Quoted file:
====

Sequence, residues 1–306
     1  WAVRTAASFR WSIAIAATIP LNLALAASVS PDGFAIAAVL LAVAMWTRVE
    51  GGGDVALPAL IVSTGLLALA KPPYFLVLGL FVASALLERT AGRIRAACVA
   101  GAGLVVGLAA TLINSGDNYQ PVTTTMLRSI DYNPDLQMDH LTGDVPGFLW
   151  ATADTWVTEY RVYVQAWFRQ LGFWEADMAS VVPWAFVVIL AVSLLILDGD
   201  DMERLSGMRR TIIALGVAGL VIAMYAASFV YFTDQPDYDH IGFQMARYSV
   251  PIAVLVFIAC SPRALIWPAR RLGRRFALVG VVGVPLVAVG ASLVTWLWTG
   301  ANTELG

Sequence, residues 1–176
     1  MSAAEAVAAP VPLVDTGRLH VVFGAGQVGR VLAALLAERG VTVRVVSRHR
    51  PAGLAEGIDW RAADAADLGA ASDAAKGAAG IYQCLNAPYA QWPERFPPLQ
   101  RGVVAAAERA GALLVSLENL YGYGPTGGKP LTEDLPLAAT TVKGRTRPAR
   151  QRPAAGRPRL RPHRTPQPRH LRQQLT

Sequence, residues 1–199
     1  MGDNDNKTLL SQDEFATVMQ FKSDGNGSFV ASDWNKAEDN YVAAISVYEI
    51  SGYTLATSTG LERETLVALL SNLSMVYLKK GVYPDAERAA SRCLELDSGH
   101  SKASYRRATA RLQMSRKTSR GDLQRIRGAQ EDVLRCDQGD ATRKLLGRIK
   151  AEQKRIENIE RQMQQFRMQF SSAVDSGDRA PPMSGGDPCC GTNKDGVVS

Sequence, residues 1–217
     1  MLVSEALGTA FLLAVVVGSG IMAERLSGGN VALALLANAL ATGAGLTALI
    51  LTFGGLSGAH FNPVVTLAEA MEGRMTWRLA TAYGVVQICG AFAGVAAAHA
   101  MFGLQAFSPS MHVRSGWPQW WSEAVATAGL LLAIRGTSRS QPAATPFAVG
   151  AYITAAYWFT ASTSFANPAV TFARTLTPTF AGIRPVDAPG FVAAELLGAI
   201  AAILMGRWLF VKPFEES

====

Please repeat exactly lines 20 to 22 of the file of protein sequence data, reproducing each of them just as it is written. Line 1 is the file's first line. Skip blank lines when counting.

     1  MLVSEALGTA FLLAVVVGSG IMAERLSGGN VALALLANAL ATGAGLTALI
    51  LTFGGLSGAH FNPVVTLAEA MEGRMTWRLA TAYGVVQICG AFAGVAAAHA
   101  MFGLQAFSPS MHVRSGWPQW WSEAVATAGL LLAIRGTSRS QPAATPFAVG